We've seen some queries about just how this works. Simply put, each specific thrown weapon (even when you throw lots!) gets a 4% increase in damage each time it hits any enemy. If it passes through one enemy and hits twice, it will have 8% increased damage. If it passes through six enemies and hits ten times, it will have 40% increased damage. This makes the returning pass for Spectral Throw (and thus your position relative to your enemies) very important for squeezing out every last bit of damage. And the more enemies there are, the stronger each throw is.
This does exactly what it says. If the threshold is met, 10% of the time, you will double the damage of your heavy strike. That, by the way, works with critical strikes. Building a critical heavy-striker? Be prepared for massive spikes in damage! Two of these doubles the chance (as opposed to doubling the double-damage. Sorry guys!)
Fireball's ability to clear areas drops off pretty significantly as other skills with wider areas of effect or higher single-target damage are found, but with one or two of these, the ability to overlap explosions from a safe distance makes Fireball a much more interesting choice.
Possibly my favourite of these, since it opens up quite a few options for a skill whose late-game utility was limited at best. An ignite-focused build can now quickly coat an area in burning ground (whose damage is based on the initial ignite) for fast clearing. But Tar has a powerful slowing effect, which can be taken advantage of for PvP or party play by minimising (or even removing through Three Dragons) your ignite chance. Multiples of this Jewel increase the chance to create the two ground types.
One important thing to note is that any Jewel which affects a skill that has a Vaal version will also affect the Vaal version of that skill. So Steel Spirit will work for both Spectral Throw and Vaal Spectral Throw.
Let us know what you think!
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Grinding Gear Games
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DaTz_ wrote:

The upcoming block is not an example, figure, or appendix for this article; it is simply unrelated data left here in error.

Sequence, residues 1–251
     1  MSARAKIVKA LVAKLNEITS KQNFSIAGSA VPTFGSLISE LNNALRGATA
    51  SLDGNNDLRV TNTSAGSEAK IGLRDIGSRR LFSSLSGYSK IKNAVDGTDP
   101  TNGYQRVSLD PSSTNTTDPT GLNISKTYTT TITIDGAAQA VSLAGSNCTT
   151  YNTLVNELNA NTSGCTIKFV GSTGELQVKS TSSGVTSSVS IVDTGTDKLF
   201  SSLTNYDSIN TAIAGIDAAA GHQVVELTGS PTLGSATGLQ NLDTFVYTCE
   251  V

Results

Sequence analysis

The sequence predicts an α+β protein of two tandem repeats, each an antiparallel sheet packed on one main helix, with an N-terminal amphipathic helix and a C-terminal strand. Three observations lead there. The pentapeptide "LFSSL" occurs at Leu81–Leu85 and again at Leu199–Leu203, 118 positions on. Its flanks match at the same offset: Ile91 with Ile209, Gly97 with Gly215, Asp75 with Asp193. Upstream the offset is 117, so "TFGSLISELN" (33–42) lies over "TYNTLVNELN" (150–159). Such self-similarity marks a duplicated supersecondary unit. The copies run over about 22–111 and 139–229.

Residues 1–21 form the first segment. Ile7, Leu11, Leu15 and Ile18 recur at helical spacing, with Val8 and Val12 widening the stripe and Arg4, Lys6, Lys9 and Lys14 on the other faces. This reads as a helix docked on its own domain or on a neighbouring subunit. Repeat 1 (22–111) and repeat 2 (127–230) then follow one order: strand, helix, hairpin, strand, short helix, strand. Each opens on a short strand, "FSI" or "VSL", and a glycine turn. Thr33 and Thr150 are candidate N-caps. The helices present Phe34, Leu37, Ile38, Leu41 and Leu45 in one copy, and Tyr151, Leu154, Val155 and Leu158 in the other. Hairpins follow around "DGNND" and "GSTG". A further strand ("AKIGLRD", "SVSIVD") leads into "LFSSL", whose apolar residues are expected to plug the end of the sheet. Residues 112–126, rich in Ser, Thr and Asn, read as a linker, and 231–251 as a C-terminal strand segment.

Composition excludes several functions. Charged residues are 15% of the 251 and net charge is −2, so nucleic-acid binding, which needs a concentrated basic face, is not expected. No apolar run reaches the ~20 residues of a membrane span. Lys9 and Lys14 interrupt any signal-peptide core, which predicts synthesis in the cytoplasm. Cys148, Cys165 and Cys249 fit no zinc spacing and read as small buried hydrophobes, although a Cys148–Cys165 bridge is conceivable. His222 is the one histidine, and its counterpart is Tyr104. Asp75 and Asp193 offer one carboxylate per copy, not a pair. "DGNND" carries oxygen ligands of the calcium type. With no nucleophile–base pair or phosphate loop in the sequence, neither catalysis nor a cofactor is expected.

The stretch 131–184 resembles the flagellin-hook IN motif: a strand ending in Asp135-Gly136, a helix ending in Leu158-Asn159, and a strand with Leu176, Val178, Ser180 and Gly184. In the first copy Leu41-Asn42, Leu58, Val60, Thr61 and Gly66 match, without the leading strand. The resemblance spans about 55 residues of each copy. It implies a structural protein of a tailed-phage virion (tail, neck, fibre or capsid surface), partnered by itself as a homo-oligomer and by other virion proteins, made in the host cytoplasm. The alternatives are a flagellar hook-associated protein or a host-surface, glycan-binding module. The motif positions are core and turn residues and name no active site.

bonerific!


We'll show off the Summon Skeleton one later!

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DaTz_ wrote:

i got a question tho.. will the burning ground and tar ground be affected by ur aoe or is there a base aoe and cant be modified?


The ground effect AOE size is fixed.

EDIT: OK, I have been corrected, this maybe should be affected. We love our design correctness discussions :-)

Current implementation is that it isn't affected.

Last edited by Qarl on Nov 17, 2015, 9:37:30 PM
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RedxFrost wrote:
My only question for the tarred ground is why would anyone use that over ice shot? Do they not essentially do the same thing?
They do similar but distinct things. Chilled ground applies Chill, which is a 30% slow on the enemy (affects all actions, is effectively multiplicative with cast/attack/movement/etc speeds since it's affecting the enemy's animations themselves at a lower level).

Ground Tar is a 50% reduction to movement speed. This is a higher value, is additive with other modifiers to movement speed, and, unlike chilled ground, stacks with actually chilling the monster via cold damage. However, it doesn't affect the speed the monsters perform actions at, only their movement.

So which is better depends on what you're trying to do, and what you want to stack it with, but in terms of keeping melee monsters from moving closer to you, Tar will usually be the better option.